As she clambered out onto the hull, T’Pol was pissed. Well, as pissed as a Vulcan could be. As first officer, she’d argued with Jonathan Archer that the captain’s place was on the bridge, not on the hull. As a practical matter, she mused to herself, they had to put him somewhere, even though he wasn’t good for much. He certainly wasn’t any good at dealing with munitions. To her mind, he proved the thesis of an old treatise on management she’d found in the ship’s library which claimed that Earth organizations tended to promote people to their level of incompetence. It was her opinion that he’d reached his some time ago. She’d calculated that there was only an infinitesimal chance that he’d send her instead. That was soon proved wrong, but she was sure that it wasn’t her mathematics that had been faulty.
As she clambered out onto the hull, T’Pol was pissed. Well, as pissed as a Vulcan could be. As first officer, she’d argued with Jonathan Archer that the captain’s place was on the bridge, not on the hull. As a practical matter, she mused to herself, they had to put him somewhere, even though he wasn’t good for much. He certainly wasn’t any good at dealing with munitions. To her mind, he proved the thesis of an old treatise on management she’d found in the ship’s library which claimed that Earth organizations tended to promote people to their level of incompetence. It was her opinion that he’d reached his some time ago.
She’d calculated that there was only an infinitesimal chance that he’d send her instead. That was soon proved wrong, but she was sure that it wasn’t her mathematics that had been faulty.
This whole exercise was illogical. Her people knew that the Romulans were trouble with a capital T, that rhymes with B, that stands for . . . what was that word? Badass! That was the word. Unfortunately, that information was classified and not part of the Vulcan database that had been provided to the humans. Without that little tidbit, she knew it would be a waste of breath, and waste was illogical, to tell Archer that the needs of the many, his crew, outweighed the needs of the few or the one, Lieutenant Reed, and that he should, indeed, detach the panel, and as the chief engineer would so colorfully put it, blow this pop stand. So here she was working her way across the hull to rescue their so-called “ordnance expert” who either didn’t know how many spikes a Romulan mine had, or had been too clumsy to avoid one.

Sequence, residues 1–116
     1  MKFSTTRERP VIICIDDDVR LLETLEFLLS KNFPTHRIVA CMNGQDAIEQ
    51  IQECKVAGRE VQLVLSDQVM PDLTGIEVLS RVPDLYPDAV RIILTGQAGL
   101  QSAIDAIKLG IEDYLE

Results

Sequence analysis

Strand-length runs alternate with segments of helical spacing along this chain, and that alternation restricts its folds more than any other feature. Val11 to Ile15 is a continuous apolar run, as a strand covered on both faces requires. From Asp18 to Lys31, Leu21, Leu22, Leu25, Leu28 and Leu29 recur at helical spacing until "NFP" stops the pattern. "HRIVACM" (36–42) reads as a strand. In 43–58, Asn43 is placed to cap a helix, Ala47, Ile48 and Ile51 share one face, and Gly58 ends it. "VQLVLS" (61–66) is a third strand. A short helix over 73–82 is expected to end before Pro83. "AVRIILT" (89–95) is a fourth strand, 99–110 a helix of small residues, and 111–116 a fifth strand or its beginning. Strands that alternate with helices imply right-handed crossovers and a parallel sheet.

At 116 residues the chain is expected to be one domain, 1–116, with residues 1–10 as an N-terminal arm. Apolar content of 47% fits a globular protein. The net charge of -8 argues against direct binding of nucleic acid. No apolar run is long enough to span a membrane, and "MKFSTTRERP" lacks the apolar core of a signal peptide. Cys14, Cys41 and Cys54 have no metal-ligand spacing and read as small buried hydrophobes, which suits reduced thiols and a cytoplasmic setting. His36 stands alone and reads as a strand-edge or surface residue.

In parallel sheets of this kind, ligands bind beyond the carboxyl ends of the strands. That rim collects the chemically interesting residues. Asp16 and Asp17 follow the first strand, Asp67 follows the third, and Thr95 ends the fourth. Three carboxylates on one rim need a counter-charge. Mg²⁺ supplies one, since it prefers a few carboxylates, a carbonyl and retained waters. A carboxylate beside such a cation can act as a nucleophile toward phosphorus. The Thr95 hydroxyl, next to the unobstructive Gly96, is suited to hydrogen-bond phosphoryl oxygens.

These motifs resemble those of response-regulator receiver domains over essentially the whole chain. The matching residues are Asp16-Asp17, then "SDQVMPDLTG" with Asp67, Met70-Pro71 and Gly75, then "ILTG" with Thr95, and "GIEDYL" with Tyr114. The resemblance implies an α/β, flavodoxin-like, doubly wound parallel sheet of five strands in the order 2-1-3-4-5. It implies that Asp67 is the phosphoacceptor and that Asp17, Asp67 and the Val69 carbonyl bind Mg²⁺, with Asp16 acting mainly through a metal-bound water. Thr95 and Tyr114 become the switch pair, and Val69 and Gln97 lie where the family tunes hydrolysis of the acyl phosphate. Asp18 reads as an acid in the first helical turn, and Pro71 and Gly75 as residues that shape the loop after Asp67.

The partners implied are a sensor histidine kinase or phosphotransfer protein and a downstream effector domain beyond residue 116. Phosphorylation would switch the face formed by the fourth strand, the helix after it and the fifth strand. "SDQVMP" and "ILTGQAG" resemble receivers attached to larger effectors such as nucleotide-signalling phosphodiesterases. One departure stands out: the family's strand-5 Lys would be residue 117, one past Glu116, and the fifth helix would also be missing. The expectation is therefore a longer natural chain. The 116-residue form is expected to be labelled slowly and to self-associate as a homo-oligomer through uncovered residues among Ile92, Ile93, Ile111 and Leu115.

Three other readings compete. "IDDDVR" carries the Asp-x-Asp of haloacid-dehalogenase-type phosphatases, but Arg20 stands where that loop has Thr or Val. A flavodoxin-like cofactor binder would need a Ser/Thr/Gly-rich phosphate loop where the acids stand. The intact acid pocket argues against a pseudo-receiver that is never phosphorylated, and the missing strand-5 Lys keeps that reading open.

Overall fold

She didn’t even have any interest in Reed and couldn’t understand what Ensign Sato saw in the skinny little runt with a stick up his ass. Really, with a prime specimen like Charles Tucker around, a man with eyes as blue as his underwear, why would any logical woman choose someone else? There was a high degree of probability that the humans would be surprised by her assessment, especially Trip, who often seemed clueless when it came to her. She could, after all, appreciate male attributes. She wasn’t dead: She was merely a Vulcan.
When she finally got to Reed and surveyed his situation, she rolled her eyes at the absurdity of it and felt no shame. After all, when in an EV suit out in space, no one can see you show emotion.
She gave him the hypospray Dr. Phlox had prepared and hoped it would put the lieutenant out. She had no wish for idle chatter while working on the mine. The noise was distracting, and this mine appeared to be a model #60187. They could be most challenging with that internal subdetonator.
She carefully scrutinized Reed one last time. It appeared as though he were about to regurgitate right there in his EV suit. Given the superoxy in the hypospray, she half expected him to say something quite inappropriate such as, “Please, ma’am may I have some more,” but instead he said, “Subcommander, do you know you have an awfully nice bum?”
She resisted the urge to rip off his oxygen hose and ran through a quick meditation exercise before answering, “This really isn’t the time for a chat, Lieutenant.”